I’m scared to mention the Ivany report. It’s almost like confessing that you still believe in Santa Claus. But there was this little line in there that spoke to me, “We can do it ourselves.” In the murky world of economic development, focus tends to gaze outwards. If only we could attract this business or that business all our problems would go away. Meanwhile, you have small to medium sized local businesses that are jumping up and down shouting, “Hey, over here! I’m doing it already. If you wouldn’t mind just throwing a tiny bit of money this way, I could hire someone, or expand.” All across this province there are small businesses that are succeeding. Look for them and then talk to them. Ask them what they need to grow. It’s usually not that much. Invest in people that already love Nova Scotia. They are the ones committed to making it work. Nothing against Ikea or Target, but when the going gets tough, they will hold no allegiance to this province. Supporting small, local businesses is diversifying your investment. If one doesn’t make it, they don’t take down a whole community with them.
4- Put the answers in one place.
There are many steps to opening a business. It’s very frustrating for business owners to walk in circles trying to understand what they need to do in order to be in compliance. Often businesses are opened that do not have the proper permits; not because of negligence, but because no one has explained to them what is necessary. It’s not uncommon for a fire marshal to give one directive and a building inspector to give another one. We need to create a culture of communication between various departments, between the province and its municipalities and between the municipalites themselves. It’s unacceptable to have 51 interpretations of a rule in one tiny province. I have more than once been asked for advice by prospective business owners. When businesses are seeking out regulatory advice from the local hat maker, we know we have a problem. It needs to be someone’s job, at the provincial level to help new businesses navigate the system.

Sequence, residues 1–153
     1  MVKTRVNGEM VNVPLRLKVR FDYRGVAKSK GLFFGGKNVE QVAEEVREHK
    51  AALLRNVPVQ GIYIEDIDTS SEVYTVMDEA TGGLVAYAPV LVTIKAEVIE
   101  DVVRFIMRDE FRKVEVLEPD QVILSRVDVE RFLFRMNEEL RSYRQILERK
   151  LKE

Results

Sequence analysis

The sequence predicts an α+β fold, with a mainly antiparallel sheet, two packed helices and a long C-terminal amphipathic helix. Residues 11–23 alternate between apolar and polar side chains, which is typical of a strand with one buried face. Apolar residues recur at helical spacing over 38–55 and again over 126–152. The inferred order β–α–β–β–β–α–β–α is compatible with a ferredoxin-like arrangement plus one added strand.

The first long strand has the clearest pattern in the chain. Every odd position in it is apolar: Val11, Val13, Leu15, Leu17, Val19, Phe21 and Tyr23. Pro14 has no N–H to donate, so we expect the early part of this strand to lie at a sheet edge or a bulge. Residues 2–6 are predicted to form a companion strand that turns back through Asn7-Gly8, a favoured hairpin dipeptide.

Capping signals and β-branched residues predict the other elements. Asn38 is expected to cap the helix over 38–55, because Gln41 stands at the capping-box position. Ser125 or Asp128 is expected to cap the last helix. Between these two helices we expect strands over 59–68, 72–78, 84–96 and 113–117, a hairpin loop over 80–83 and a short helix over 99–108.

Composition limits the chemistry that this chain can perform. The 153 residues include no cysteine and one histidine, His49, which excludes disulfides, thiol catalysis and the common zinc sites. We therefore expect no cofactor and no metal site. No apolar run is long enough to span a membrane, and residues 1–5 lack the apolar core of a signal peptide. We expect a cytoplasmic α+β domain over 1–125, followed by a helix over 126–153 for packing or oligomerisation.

5- Regulation needs to come in small, medium and large.
This particularly applies to food handlers. I have heard from many food vendors who cannot prepare food in their own kitchens. They are asked to install commercial kitchen in order to meet health and safety standards. I am not anti-regulation. Regulation is a good thing, but Grandma baking cookies in her kitchen to sell at the local Farmers market should not be facing the same rules as a restaurant. Safety comes in different sizes. We don’t require a person knitting socks in her home to have a sprinkler system; why does someone baking 200 cookies a week need a commercial kitchen?
6- Home Business in Public Housing.
This is an issue that I know nothing about, but as a province we need to look into this. New public housing rules prohibit home businesses. When I first heard of this rule, I assumed it was because of municipal land use regulations, but Public Housing is owned by the province. If we want to lift people out of poverty we need to allow them to run small, appropriate businesses from their homes. Someone sewing or cutting hair creates no safety hazard. People working from home keeps parents with their children and keeps communities safer.
So, there you have it. I hand over my list to the politicians. Thanks so much for asking. That piece of paper was getting heavy.